Anyway, the pectin gel is formed by pectin, the PME enzyme and Ca2+ ions. The PME kicks methanol off the pectin (but leaves the chain intact) leaving a charged site. The Calcium binds at the charged site - and cross binds to other chains. CO2 from early in the ferment lofts the gel.

Anyway, pectolytic enzymes are either pressing aids or clarification aids, which distillers shouldn't _usually_ need.

PME is a cidermaking tool, and isn't even available in the States.

If you're worried about it, throw the pomace in the still, cook it a bit, and _then_ ferment it. Kris's book gives some details about time and temp.

BTW, some pectolytic enzymes have a side activity. Glucosidase - alpha or beta, I can't recall which. It releases a glucose moluecule from aroma precursors, freeing up a terpene. Not all fruit have them, but it might be an interesting use of AR2000 (for example) for distillers - especially for brandy and grappa.


Reply:

Here's a link to an online edition of Berglund's book on Bill's ADI site.

http://www.distilling.com/PDF/artisan.pdf

Kris Berglund's (MSU) book (please forgive any misspelling) has info on methanol levels in pome fruit brandies and a bit about heat deactivation of the enzymes involved. It's not an issue limited to pome fruit. And you don't want _no_ methanol in brandy - just not too much. The legal limit is really quite high.

Most people using 'pectinase' usually mean a pectolytic enzyme. It's used by some pressers for apples/pears to increase pressing yield. If you're running whole mash, there's no real need to use it up front, as it will just make the pomace slimier. (IMHO) We don't use it when pressing anyway - we just press a bit more slowly. Depending on the varieties, we run from about 3.7 to 4+ gal/bushel of apples. Common pear come in at about 2.8 gal/40 lbs.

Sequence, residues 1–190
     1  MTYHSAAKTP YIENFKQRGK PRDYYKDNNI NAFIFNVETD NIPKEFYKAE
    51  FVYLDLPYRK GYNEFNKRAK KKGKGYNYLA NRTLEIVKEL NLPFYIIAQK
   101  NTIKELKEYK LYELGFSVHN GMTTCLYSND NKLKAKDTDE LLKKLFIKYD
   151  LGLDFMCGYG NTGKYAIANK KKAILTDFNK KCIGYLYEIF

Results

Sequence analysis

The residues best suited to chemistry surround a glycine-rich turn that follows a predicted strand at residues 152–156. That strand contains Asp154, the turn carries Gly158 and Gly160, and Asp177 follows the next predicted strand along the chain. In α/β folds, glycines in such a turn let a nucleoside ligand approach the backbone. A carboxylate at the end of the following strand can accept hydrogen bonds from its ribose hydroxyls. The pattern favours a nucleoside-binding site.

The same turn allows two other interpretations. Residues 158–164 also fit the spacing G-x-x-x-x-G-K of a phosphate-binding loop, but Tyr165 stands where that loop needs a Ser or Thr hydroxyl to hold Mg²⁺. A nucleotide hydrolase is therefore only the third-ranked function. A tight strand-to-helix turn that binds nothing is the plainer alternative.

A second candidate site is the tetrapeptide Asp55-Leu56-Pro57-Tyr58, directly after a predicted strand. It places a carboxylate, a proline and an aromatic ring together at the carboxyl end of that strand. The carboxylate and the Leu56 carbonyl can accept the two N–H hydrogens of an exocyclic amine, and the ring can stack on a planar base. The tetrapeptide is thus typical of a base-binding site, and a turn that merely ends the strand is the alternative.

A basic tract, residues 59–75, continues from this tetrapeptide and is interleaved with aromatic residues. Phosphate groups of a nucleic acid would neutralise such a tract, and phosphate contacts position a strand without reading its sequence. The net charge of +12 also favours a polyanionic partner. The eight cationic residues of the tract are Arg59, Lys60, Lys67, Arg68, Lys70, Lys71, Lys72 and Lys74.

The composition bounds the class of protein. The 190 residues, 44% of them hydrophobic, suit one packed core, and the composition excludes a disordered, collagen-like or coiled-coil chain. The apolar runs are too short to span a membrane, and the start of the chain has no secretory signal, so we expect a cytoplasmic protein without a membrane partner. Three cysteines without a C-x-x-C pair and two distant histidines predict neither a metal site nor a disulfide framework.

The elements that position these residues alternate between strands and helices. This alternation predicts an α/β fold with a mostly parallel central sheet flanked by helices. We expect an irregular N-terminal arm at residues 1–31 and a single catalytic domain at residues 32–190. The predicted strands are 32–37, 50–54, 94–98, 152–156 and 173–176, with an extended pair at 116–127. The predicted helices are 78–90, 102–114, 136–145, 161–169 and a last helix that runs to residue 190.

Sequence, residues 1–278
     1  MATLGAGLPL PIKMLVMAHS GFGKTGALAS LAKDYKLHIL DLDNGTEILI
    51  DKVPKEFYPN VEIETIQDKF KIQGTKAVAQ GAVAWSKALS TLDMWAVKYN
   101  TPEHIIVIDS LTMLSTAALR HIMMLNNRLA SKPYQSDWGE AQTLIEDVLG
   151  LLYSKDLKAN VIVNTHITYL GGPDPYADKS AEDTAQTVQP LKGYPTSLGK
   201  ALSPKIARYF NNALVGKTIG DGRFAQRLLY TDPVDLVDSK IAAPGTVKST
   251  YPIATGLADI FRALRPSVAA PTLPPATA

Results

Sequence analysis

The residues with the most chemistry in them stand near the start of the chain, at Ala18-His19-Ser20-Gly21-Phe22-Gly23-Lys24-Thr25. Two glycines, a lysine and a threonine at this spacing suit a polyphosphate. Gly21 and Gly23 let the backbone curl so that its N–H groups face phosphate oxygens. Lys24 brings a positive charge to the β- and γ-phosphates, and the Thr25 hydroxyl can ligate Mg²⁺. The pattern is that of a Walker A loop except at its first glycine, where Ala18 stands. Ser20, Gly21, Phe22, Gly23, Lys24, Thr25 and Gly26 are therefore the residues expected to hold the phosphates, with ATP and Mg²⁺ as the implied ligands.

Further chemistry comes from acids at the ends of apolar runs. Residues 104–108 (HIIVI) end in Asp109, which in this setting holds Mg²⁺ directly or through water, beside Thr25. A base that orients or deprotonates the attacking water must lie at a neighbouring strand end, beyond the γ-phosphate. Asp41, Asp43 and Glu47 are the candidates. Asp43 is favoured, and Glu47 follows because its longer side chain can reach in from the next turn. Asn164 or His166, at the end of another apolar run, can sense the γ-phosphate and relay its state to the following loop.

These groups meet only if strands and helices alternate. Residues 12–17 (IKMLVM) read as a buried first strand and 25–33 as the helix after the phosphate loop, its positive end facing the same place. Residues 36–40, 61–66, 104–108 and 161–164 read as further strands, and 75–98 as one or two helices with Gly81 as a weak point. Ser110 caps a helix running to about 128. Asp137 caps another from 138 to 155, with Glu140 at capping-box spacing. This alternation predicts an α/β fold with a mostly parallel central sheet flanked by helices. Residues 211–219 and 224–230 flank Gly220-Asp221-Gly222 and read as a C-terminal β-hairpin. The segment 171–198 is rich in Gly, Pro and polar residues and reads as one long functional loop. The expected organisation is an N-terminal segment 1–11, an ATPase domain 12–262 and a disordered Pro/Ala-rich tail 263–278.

Using pectolytic enzymes in wine making post pressing is pretty common, too. it's uses to help clear hazes and speed settling. Also, not needed for distilling stock.

I believe pectolytic enzymes generate some methanol as they chew up the pectine polysaccharide, but they are not the main concern.

There's another enzyme called PME, or pectin methyl esterase. It skims along the pectin polysaccharaide chain and lops off the occasional methyl group (making methanol). It occurs to some degree naturally in apples. Cidermakers in UK and France use commercial preparations to aid a process called 'keeving'. The idea behind keeving is to strip the must of available nitrogen, thiamin and wild organisms by entraining them in a pectin gel. The 'bright cider' is racked out from underneath the gel and ferments very slowly - usually sticking at just a few percent alcohol. A good trick if you can pull it off.

Anyway, the pectin gel is formed by pectin, the PME enzyme and Ca2+ ions. The PME kicks methanol off the pectin (but leaves the chain intact) leaving a charged site. The Calcium binds at the charged site - and cross binds to other chains. CO2 from early in the ferment lofts the gel.

Anyway, pectolytic enzymes are either pressing aids or clarification aids, which distillers shouldn't _usually_ need.

PME is a cidermaking tool, and isn't even available in the States.

If you're worried about it, throw the pomace in the still, cook it a bit, and _then_ ferment it. Kris's book gives some details about time and temp.

BTW, some pectolytic enzymes have a side activity. Glucosidase - alpha or beta, I can't recall which. It releases a glucose moluecule from aroma precursors, freeing up a terpene. Not all fruit have them, but it might be an interesting use of AR2000 (for example) for distillers - especially for brandy and grappa.